y entre nosotros, el querido hermano                          and between us, the dear brother
que en el sueño infantil de un claro día                       who in the infantile dream of a clear day
vimos partir hacia un país lejano.                                we saw depart toward a faraway country. 
     Hoy tiene ya las sienes plateadas,                               Now he already has silver temples, 
un gris mechón sobre la angosta frente;                      and a gray lock of hair over his wrinkled forehead;
y la fría inquietud de sus miradas                                and the cold unrest of his looks
revela un alma casi toda ausente.                                reveals a soul almost completely absent.
     Deshójanse las copas otoñales                                    The autumn branches of the musky
del parque mustio y viejo.                                           and old park lose their leaves. 
La tarde, tras los húmedos cristales,                            The evening, after the wet crystals,
se pinta, y en el fondo del espejo.                                is painted, and in the depths of the mirror.
     El rostro del hermano se ilumina                                The brother’s face illuminates 
suavemente. ¿Floridos desengaños                              gently. Flowery disenchantments 
dorados por la tarde que declina?                                golden in the declining afternoon?
¿Ansias de vida nueva en nuevos años?                      Longing for new life in new years?
     ¿Lamentará la juventud perdida?                                 Will he lament lost youth?
Lejos quedó —la pobre loba— muerta.                       Far away it stayed —the poor she-wolf— dead.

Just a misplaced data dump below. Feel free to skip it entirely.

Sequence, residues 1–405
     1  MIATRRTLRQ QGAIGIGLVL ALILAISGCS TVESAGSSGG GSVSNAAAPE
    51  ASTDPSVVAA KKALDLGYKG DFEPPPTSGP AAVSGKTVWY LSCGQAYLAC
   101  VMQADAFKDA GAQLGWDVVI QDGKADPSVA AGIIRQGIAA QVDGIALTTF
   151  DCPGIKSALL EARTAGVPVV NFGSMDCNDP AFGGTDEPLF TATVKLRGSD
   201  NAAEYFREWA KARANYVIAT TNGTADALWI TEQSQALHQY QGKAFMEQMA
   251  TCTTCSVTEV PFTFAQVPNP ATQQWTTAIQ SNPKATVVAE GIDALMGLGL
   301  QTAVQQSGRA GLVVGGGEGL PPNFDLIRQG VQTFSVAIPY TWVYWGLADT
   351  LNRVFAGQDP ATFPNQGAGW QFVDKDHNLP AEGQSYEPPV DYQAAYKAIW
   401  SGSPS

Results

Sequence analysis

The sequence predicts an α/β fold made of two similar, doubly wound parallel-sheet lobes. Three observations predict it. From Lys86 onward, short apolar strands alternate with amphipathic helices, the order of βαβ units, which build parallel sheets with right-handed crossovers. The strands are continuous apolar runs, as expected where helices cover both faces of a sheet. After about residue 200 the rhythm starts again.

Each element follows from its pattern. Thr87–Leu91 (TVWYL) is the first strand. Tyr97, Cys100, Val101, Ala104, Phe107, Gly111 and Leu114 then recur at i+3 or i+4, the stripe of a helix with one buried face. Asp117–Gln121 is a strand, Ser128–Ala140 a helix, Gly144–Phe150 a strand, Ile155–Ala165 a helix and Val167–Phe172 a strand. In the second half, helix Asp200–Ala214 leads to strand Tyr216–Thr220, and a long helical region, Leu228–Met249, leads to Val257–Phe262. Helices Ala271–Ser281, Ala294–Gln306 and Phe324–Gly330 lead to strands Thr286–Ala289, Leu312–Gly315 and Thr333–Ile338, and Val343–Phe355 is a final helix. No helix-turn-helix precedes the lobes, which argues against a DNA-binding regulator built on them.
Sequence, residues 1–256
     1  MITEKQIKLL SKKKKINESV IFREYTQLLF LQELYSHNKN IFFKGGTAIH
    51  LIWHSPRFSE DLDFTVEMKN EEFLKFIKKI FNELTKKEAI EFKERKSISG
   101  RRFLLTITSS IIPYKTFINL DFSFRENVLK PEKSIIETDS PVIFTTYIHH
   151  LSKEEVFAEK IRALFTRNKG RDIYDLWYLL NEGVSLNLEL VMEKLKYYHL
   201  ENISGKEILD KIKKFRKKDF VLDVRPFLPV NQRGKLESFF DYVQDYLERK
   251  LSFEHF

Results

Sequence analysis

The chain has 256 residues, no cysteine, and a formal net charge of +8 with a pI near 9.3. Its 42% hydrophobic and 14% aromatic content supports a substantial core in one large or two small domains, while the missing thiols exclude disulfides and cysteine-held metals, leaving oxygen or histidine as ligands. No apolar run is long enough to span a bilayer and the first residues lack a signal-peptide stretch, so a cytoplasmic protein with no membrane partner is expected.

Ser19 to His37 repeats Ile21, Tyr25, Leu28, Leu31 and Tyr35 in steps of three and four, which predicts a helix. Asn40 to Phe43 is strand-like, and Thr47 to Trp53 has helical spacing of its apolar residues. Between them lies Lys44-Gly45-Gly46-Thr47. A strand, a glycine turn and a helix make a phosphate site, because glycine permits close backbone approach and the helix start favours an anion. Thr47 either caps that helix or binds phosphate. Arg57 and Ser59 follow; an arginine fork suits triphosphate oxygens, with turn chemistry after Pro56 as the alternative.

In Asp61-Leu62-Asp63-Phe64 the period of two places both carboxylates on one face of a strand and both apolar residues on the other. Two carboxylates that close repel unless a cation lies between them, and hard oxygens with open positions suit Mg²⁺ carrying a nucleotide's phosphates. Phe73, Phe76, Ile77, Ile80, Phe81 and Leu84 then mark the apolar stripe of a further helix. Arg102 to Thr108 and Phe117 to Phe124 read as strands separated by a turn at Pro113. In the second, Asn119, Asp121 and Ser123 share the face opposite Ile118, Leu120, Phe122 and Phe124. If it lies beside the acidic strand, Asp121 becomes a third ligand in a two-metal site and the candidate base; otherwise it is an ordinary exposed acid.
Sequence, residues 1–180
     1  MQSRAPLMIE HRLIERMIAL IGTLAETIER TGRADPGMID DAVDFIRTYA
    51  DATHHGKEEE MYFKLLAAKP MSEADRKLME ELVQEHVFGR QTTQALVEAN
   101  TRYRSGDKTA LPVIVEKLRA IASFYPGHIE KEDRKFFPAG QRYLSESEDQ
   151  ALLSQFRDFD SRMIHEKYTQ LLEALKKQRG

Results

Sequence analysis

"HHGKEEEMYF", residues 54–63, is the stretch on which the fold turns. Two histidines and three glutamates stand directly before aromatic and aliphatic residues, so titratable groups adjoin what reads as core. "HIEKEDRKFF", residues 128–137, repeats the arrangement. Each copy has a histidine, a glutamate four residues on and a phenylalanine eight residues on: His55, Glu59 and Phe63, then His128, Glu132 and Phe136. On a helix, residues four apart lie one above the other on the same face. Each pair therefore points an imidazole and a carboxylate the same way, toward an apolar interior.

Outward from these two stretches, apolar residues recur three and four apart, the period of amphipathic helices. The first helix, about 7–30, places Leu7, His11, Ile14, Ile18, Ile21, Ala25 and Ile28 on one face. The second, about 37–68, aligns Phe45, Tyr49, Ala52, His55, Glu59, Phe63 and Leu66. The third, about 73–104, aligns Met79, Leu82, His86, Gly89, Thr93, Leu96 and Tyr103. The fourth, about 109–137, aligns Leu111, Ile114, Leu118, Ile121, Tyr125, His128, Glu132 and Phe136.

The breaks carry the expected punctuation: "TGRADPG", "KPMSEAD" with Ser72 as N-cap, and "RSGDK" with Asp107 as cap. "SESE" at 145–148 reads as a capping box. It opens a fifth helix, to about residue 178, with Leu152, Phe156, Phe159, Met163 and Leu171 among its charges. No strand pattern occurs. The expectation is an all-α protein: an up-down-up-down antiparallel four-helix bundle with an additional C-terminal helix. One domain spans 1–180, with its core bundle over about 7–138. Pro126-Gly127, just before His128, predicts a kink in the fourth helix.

¿La blanca juventud nunca vivida                               Does white youth never lived 
teme, que ha de cantar ante su puerta?                         fear, compelled to sing before its door? 
     ¿Sonríe al sol del oro                                                    Does it smile at the golden sun
de la tierra de un sueño no encontrada;                        of the land of a dream never found;
y ve su nave hender el mar sonoro,                              and see its ship split the sonorous sea,
de viento y luz la blanca vela hinchada?                      of wind and light the white inflated candle?
     Él ha visto las hojas otoñales,                                       He has seen the autumn leaves,
amarillas, rodar, las olorosas                                         yellow, turn, the aromatic 
ramas del eucalipto, las rosales                                     branches of the eucalyptus, the rose bushes
que enseñan otra vez sus blancas rosas...                      that show again their white roses...
     Y este dolor que añora o desconfía                               And this pain that longs for or distrusts
el temblor de una lágrima reprime,                                the tremble of a repressed tear, 
y un resto de viril hipocresía                                          and a residue of virile hypocrisy 
en el semblante pálido se imprime.                                imprints itself on his pale face. 
     Serio retrato en la pared clarea                                      Serious portrait on the wall 
todavía. Nosotros divagamos.                                        continues to clear. We digress. 
En la tristeza del hogar golpea                                       In the sadness of the home thumps
el tictac del reloj. Todos callamos.                                 the tick-tock of the clock. We all fall silent. 

(Meditations of Quijote was written by the Spanish philosopher José Ortega y Gasset)

Al Joven Meditador José Ortega y Gasset               To The Young Meditator José Ortega y Gasset1

A ti laurel y yedra                                                       May laurel and hydra 
corónete, dilecto                                                         crown you, beloved
de Sofía, arquitecto.                                                   of Sofia, architect. 
Cincel, martillo y piedra                                            May chisel, hammer and rock
y masones te sirvan las montañas                             and masons serve you, and the mountains
de Guadarrama frío                                                      of cold Guadarrama
te brinden el azul de sus entrañas,                            offer you the blue of their entrails,